Alternatives to replacing deck boards

A wooden deck can present a lot of work for the owner. Over time, wood becomes damaged or unsightly if not cared for properly. However, replacing a deck or even a few boards can be very expensive. There are several alternatives to replacing the old boards with new ones.


Reinforce boards that are loose or unstable with a few extra pieces of wood. Use pieces of wood that are the same width and height as the original boards. The pieces should be a little longer than the original board. Use nails or screws that are long enough to fit into both pieces of wood but are not long enough to stick out the top. Screw the piece of wood onto the underside of the deck to reinforce the board. If a joist is unstable, repair it in the same way. Place screws or nails every 18 to 24 inches along the new piece of wood.


If a deck board starts to curl up on the ends or is bowed over, this is referred to as cupping. When this happens there is usually no need to replace the board. All you have to do is remove the board, flip it over and nail it back into place. Remove the board with a crow bar after removing the nails with a hammer. Re-nail the board using new nails in a new place on the board. If you nail into the same holes as before, the board will be loose. Any other nails that are sticking up or are loose can be hammered back into place.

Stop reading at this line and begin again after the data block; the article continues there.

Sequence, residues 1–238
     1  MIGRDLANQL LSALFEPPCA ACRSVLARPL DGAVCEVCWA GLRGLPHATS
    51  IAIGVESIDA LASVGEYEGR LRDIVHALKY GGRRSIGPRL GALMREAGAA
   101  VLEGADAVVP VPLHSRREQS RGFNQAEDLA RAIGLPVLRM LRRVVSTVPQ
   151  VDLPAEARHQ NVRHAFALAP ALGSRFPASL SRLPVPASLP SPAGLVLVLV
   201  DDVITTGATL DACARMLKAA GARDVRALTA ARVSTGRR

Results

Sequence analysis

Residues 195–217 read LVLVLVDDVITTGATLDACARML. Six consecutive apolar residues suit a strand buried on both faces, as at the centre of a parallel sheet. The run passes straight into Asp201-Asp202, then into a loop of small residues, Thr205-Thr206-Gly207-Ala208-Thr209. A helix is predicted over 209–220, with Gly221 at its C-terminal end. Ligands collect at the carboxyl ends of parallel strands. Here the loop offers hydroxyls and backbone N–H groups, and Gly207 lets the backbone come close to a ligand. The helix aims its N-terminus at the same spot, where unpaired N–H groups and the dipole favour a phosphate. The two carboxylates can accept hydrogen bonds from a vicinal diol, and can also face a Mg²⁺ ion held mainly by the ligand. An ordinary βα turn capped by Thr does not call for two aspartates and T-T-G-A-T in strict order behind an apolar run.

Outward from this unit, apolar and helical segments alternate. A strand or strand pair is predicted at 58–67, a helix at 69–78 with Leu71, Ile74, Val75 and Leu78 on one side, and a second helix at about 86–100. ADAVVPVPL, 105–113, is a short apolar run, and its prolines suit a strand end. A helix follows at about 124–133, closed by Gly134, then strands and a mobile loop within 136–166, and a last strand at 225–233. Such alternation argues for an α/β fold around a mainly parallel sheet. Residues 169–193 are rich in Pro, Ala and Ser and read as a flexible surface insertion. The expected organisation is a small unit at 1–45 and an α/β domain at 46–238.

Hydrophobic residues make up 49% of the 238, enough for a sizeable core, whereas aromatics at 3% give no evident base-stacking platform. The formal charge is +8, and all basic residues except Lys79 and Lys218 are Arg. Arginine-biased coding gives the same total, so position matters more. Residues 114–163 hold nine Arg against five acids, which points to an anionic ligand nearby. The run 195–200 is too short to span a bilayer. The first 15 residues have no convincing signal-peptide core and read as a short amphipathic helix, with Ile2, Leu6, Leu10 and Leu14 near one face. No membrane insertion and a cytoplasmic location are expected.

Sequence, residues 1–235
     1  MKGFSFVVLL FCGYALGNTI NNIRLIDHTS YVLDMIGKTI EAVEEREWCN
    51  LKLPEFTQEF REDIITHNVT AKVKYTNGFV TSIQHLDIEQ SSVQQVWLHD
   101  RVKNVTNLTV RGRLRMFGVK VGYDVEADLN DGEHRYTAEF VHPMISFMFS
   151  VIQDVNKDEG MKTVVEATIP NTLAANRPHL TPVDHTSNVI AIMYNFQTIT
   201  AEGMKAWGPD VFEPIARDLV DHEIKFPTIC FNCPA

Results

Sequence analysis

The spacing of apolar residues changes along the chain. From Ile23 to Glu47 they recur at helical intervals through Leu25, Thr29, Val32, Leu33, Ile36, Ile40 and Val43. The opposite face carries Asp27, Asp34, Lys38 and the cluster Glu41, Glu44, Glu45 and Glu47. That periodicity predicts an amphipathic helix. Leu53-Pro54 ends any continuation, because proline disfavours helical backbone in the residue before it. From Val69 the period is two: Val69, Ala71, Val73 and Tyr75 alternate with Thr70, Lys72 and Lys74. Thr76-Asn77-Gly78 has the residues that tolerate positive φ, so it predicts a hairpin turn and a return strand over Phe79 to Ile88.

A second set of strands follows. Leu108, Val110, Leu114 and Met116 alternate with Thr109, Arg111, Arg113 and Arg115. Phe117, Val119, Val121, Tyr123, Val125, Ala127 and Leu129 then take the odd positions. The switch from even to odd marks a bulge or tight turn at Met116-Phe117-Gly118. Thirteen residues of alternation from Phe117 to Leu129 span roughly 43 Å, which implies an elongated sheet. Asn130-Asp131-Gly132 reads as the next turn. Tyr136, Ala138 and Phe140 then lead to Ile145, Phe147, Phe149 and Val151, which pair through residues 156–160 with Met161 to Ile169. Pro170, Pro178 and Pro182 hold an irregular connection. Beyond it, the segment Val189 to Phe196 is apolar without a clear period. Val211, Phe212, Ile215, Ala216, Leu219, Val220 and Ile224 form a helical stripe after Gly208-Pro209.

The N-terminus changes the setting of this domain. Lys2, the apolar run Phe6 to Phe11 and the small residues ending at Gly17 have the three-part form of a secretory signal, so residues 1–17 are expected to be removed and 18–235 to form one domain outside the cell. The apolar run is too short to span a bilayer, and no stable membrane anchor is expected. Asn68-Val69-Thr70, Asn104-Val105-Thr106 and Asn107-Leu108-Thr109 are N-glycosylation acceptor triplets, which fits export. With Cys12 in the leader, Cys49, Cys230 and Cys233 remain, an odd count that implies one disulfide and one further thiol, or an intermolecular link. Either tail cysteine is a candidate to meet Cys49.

Refinishing a deck is a simple process. Nail down all protruding nails. Sand the entire deck with an electric sander, paying special attention to ends or sides of boards that may be warped higher than the middle. Make the entire deck even and flat. Clean the wood using a solution of 1 cup bleach in 1 gallon of water. The wood can also be cleaned using a pressure washer. Use a wood stain or protector to shield the deck from future damage, and finish the project with a wood sealer.


If your deck has been attacked by bugs or has worn unevenly, sand it down to restore the flat, attractive surface that it started out with. Use different grits of sandpaper starting with the roughest, gradually lowering down until you reach a fine-grit paper. A metal file can also be used to remove large portions of wood.

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About the Author

Brenda Priddy has more than 10 years of crafting and design experience, as well as more than six years of professional writing experience. Her work appears in online publications such as Donna Rae at Home, Five Minutes for Going Green and Daily Mayo. Priddy also writes for Archstone Business Solutions and holds an Associate of Arts in English from McLennan Community College.